Our bodies are perfectly designed. We all possess these beautiful intrinsic connections, in which the body is able to communicate and work together on a higher level. Our inner organs signal to one another, when another organ is in distress or needs assistance. The synapses in the brain are firing, and that communication via the nervous system controls or impacts all of the other systems in the body. Our bodies inner physiological makeup is brilliant, working to keep homeostasis—an equilibrium in the body. Just like these systems communicate and integrate to affect the physical body, our emotional and mental bodies also affect our physical body.
80% of Americans will experience some sort of chronic back pain in their lifetime. In American culture we tend to view our physical aches/pains/ailments as strictly a physical body issue. When we begin to study and understand the bodies connections on a deeper level, we start to view those “pains” slightly differently. For example:
Our emotional body is held within the muscles of the back. When we experience deep rooted emotional trauma, the body remembers this. So, over time, if the emotional trauma is not worked through and proper coping mechanisms were not used, the physical body will take those emotions on and “stuff” them in various organs, musculature and fascial tissues. This creates the stiff, acidic, painful and unhealthy musculature that one would feel with chronic back pain.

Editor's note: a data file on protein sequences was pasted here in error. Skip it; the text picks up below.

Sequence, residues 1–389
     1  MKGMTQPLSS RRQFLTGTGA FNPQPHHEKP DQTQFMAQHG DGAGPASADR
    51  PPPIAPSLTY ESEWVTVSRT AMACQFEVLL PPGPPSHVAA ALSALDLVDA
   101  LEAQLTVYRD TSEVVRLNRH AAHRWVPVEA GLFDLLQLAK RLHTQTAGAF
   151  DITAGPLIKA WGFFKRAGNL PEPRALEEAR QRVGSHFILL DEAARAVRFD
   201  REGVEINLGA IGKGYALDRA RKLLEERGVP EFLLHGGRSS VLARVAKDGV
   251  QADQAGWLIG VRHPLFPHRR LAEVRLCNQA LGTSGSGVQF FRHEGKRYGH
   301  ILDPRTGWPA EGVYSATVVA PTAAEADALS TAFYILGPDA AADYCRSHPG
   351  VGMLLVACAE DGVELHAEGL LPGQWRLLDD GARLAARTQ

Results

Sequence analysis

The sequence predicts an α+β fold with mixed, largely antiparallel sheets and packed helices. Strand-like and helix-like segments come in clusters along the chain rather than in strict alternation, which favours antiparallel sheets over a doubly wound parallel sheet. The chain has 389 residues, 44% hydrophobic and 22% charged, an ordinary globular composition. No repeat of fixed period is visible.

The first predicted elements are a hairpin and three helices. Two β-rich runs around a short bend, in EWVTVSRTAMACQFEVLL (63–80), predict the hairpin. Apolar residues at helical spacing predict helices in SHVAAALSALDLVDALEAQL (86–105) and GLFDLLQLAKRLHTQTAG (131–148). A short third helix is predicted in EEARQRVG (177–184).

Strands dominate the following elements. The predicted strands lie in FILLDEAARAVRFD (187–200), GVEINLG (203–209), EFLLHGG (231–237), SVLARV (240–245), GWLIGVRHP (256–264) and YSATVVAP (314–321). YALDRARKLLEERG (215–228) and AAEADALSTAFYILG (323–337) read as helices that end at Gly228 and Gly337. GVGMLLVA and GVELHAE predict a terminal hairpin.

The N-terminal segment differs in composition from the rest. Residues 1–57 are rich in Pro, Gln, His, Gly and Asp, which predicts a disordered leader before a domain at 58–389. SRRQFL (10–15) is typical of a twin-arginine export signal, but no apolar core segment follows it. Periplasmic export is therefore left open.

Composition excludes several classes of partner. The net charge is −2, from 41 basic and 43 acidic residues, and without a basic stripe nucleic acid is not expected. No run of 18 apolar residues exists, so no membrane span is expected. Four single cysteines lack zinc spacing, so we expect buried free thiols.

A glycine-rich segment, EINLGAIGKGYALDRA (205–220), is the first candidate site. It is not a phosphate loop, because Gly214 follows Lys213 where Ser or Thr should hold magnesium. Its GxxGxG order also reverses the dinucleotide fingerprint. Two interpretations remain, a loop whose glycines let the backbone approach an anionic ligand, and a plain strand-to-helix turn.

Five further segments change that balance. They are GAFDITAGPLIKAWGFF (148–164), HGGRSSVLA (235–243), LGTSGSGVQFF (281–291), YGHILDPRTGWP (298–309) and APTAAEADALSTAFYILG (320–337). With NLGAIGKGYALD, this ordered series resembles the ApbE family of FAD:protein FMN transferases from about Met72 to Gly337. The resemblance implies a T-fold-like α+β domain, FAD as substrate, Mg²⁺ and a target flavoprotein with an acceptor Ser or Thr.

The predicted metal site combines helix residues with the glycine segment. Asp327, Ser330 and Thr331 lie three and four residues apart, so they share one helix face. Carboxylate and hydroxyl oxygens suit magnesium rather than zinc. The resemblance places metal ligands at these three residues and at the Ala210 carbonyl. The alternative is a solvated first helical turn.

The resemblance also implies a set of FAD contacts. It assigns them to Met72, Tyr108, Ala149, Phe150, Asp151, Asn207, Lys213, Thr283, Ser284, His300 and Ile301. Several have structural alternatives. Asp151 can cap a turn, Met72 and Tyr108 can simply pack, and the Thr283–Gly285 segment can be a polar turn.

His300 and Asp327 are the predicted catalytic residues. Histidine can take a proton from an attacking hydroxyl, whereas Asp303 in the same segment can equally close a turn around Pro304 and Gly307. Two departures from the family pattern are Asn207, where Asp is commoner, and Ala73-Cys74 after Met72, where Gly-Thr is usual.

Another example is: Let’s say you lose someone extremely close and important to you. You are overwhelmed with an immense amount of emotions such as, grief, heart break, loss, and sadness. These emotions can quite literally be felt in the physical body. Grief and sadness are known to be held in the sinuses and lungs. When you cry, the body generates a physical discharge of mucus from the sinuses and lungs. The nose drips, pours, or is runny with this mucus, exiting the body. The lungs discharge this mucus by coughing, or during the osmotic exchange of oxygen in the lungs, on a cellular level. Those that have gone through a significant heart break from loss and too much grief, describe “Their physical heart in their chest aching in pain.”
These examples are not to say that if you slip a disc in your spine, or fracture a vertebra, that these are not physical injuries. These are just few examples to get you thinking on a deeper level about your body. Could my chronic issues be stemming from something deeper in my emotional and mental bodies?
written by Tristin Lowe-Town
Tristin Lowe-Town is a Massage Therapist, Foot/Face/Back Zoner. She founded Belgrade Wellness Collaboration and runs Intrinsic Touch MT in Belgrade, Montana. Tristin is very passionate about each of her client's well-being and loves assisting them on their health and wellness journey. You can find her at www.intrinsictouchmt.com and on Instagram @intrinsictouchmt